Xerox Business Analyst Reviews | Glassdoor

Xerox Business Analyst Reviews

Updated June 14, 2017
68 reviews

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Business Analyst

2.8
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Xerox CEO Jeff Jacobson
Jeff Jacobson
1 Rating

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Pros
Cons
  • Historic work life balance, when I had first child (in 94 reviews)

  • There are no raises even if you change positions (in 195 reviews)

More Pros and Cons

  1. "Xerox"

    Star Star Star Star Star
    • Work/Life Balance
    • Culture & Values
    • Career Opportunities
    • Comp & Benefits
    • Senior Management
    Former Employee - Business Analyst in Norwalk, CT
    Former Employee - Business Analyst in Norwalk, CT
    Recommends
    Neutral Outlook
    No opinion of CEO

    I worked at Xerox (More than 8 years)

    Pros

    Given the ability to learn a lot about the equipment and software you sell. Fun environment to work within. Xerox is a very strong team environment.

    Cons

    Company direction at times was muddy and unclear.

    Advice to Management

    Overall great job.


  2. "Great company to work in."

    Star Star Star Star Star
    • Work/Life Balance
    • Culture & Values
    • Career Opportunities
    • Comp & Benefits
    • Senior Management
    Current Employee - Business Systems Analyst in Rochester, NY
    Current Employee - Business Systems Analyst in Rochester, NY
    Recommends
    Positive Outlook
    Approves of CEO

    I have been working at Xerox full-time (More than 3 years)

    Pros

    Wonderful considerate employees and a modern culture. Flexible work environment. Employees are provided the state-of-practice tools (e.g. corp laptops, WebEx) so they focus on their projects.

    Cons

    Office facilities are fine ... but nothing to write home about.

  3. "Business Systems Analsyt"

    Star Star Star Star Star
    • Work/Life Balance
    • Culture & Values
    • Career Opportunities
    • Comp & Benefits
    • Senior Management
    Current Employee - Business Systems Analyst in Rochester, NY
    Current Employee - Business Systems Analyst in Rochester, NY
    No opinion of CEO

    I have been working at Xerox full-time (More than a year)

    Pros

    *Great people to work with
    *Diverse workforce
    *Good culture overall

    Cons

    *Very disorganized process
    *Poor communication
    *Issues brought up are not taken seriously or don't go anywhere

    Advice to Management

    *Give clear expectations of your staff
    *Reduce middle management


  4. "Worked at Xerox for 4 years"

    Star Star Star Star Star
    • Work/Life Balance
    • Culture & Values
    • Career Opportunities
    • Comp & Benefits
    • Senior Management
    Former Employee - LEAD SYSTEMS DEVELOPMENT ANALYST/BUSINESS SYSTEMS ANALYST in Holladay, UT
    Former Employee - LEAD SYSTEMS DEVELOPMENT ANALYST/BUSINESS SYSTEMS ANALYST in Holladay, UT

    I worked at Xerox (More than 3 years)

    Pros

    Opportunity to learn a lot of new products. Worked on projects for fortune 500 companies.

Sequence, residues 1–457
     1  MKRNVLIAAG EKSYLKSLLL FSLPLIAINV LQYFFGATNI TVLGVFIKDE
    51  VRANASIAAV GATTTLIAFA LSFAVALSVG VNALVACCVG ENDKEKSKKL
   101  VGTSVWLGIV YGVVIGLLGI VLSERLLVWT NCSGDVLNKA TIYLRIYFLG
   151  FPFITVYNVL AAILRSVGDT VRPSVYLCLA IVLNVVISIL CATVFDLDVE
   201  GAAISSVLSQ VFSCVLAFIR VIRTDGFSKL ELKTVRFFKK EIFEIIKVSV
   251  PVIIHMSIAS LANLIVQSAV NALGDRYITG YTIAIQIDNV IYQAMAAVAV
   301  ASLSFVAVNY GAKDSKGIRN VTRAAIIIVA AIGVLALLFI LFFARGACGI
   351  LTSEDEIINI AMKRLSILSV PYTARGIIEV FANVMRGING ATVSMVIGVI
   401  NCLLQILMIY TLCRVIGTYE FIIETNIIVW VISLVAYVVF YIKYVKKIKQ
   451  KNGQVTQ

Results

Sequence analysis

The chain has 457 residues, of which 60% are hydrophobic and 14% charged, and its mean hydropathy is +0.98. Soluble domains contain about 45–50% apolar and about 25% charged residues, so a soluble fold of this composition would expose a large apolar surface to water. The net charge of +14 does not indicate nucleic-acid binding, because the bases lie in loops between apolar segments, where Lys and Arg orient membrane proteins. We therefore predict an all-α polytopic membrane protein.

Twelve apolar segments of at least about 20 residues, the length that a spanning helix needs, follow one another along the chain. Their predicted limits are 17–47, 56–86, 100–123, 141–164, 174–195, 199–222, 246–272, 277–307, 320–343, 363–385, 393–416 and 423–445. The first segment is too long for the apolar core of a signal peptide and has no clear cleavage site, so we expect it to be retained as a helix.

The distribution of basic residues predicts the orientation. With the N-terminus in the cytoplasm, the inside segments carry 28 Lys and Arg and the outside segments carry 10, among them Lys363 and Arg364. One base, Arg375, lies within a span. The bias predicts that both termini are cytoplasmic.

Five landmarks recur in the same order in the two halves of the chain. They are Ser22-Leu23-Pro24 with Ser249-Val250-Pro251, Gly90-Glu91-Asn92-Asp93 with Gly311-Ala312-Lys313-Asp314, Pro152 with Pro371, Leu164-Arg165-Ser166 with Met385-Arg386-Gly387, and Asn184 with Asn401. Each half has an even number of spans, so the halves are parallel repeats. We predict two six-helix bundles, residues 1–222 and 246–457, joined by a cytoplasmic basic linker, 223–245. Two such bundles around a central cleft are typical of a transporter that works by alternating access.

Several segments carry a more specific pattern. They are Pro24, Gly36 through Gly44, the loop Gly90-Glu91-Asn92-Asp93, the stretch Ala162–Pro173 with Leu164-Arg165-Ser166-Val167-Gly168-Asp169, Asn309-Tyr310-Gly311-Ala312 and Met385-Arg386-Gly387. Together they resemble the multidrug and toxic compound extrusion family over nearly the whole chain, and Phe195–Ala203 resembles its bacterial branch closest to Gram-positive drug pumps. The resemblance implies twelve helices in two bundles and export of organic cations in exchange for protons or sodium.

Worked with some incredibly smart people

    Cons

    Yearly furloughs, yearly lay off across the board. No raises for performance.


  5. Helpful (1)

    "Good place to work"

    Star Star Star Star Star
    • Work/Life Balance
    • Culture & Values
    • Career Opportunities
    • Comp & Benefits
    • Senior Management
    Former Employee - Business Analyst in Boston, MA
    Former Employee - Business Analyst in Boston, MA
    Recommends
    Positive Outlook

    I worked at Xerox full-time (More than 10 years)

    Pros

    Local project was good. Good pay. Most of the people are very nice. Many opportunities.

    Cons

    The Client was not very nice when issues arose.

    Advice to Management

    Learn how to deal with a dynamic workforce.


  6. "Work"

    Star Star Star Star Star
    • Work/Life Balance
    • Culture & Values
    • Career Opportunities
    • Comp & Benefits
    • Senior Management
    Former Employee - Senior Business Analyst in Dallas, TX
    Former Employee - Senior Business Analyst in Dallas, TX
    Doesn't Recommend
    Negative Outlook
    Disapproves of CEO

    I worked at Xerox full-time (More than 10 years)

    Pros

    Worked from Home, and paid on time

    Cons

    No guidance, no formal review in 2 years even though requested
    Constantly changing Management
    Moving work off Shore
    No investment in training or education for US workers
    Spending money on over seas and Mexico employees in form of PMP training and higher education


  7. Helpful (1)

    "Do It ... With a different company"

    Star Star Star Star Star
    • Work/Life Balance
    • Culture & Values
    • Career Opportunities
    • Comp & Benefits
    • Senior Management
    Former Employee - Business Analyst in Phoenix, AZ
    Former Employee - Business Analyst in Phoenix, AZ
    Doesn't Recommend
    Negative Outlook
    No opinion of CEO

    I worked at Xerox full-time (More than 5 years)

    Pros

    Learn new skills, you can move up if you're highly aggressive and manipulative, and if you're old

    Cons

    Antiquated or no management strategy, struggling to maintain relevance, the technology is lacking

    Advice to Management

    Get out, and tell everyone to get out before the place implodes

  8. Helpful (1)

    "ANYWHERE is better!"

    Star Star Star Star Star
    • Work/Life Balance